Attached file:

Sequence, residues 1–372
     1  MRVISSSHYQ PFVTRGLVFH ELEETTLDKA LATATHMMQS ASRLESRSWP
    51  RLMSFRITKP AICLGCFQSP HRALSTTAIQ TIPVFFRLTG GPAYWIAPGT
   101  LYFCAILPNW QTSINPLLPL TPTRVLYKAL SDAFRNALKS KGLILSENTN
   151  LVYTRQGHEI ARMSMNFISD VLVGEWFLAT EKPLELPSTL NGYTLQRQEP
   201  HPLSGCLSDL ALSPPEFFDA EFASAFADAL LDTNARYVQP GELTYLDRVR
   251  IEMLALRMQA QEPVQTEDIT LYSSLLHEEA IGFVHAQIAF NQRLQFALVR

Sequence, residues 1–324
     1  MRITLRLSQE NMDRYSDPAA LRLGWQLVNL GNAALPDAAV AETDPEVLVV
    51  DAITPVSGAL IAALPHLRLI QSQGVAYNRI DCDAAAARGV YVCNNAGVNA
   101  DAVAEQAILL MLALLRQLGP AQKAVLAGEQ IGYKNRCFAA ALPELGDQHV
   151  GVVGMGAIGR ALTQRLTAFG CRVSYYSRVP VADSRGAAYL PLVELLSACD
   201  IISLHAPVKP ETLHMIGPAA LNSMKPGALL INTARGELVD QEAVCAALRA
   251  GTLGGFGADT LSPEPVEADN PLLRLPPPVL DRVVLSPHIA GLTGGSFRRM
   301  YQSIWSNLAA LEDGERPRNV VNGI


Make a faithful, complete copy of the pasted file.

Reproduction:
Sequence, residues 1–372
     1  MRVISSSHYQ PFVTRGLVFH ELEETTLDKA LATATHMMQS ASRLESRSWP
    51  RLMSFRITKP AICLGCFQSP HRALSTTAIQ TIPVFFRLTG GPAYWIAPGT
   101  LYFCAILPNW QTSINPLLPL TPTRVLYKAL SDAFRNALKS KGLILSENTN
   151  LVYTRQGHEI ARMSMNFISD VLVGEWFLAT EKPLELPSTL NGYTLQRQEP
   201  HPLSGCLSDL ALSPPEFFDA EFASAFADAL LDTNARYVQP GELTYLDRVR
   251  IEMLALRMQA QEPVQTEDIT LYSSLLHEEA IGFVHAQIAF NQRLQFALVR

Sequence, residues 1–324
     1  MRITLRLSQE NMDRYSDPAA LRLGWQLVNL GNAALPDAAV AETDPEVLVV
    51  DAITPVSGAL IAALPHLRLI QSQGVAYNRI DCDAAAARGV YVCNNAGVNA
   101  DAVAEQAILL MLALLRQLGP AQKAVLAGEQ IGYKNRCFAA ALPELGDQHV
   151  GVVGMGAIGR ALTQRLTAFG CRVSYYSRVP VADSRGAAYL PLVELLSACD
   201  IISLHAPVKP ETLHMIGPAA LNSMKPGALL INTARGELVD QEAVCAALRA
   251  GTLGGFGADT LSPEPVEADN PLLRLPPPVL DRVVLSPHIA GLTGGSFRRM
   301  YQSIWSNLAA LEDGERPRNV VNGI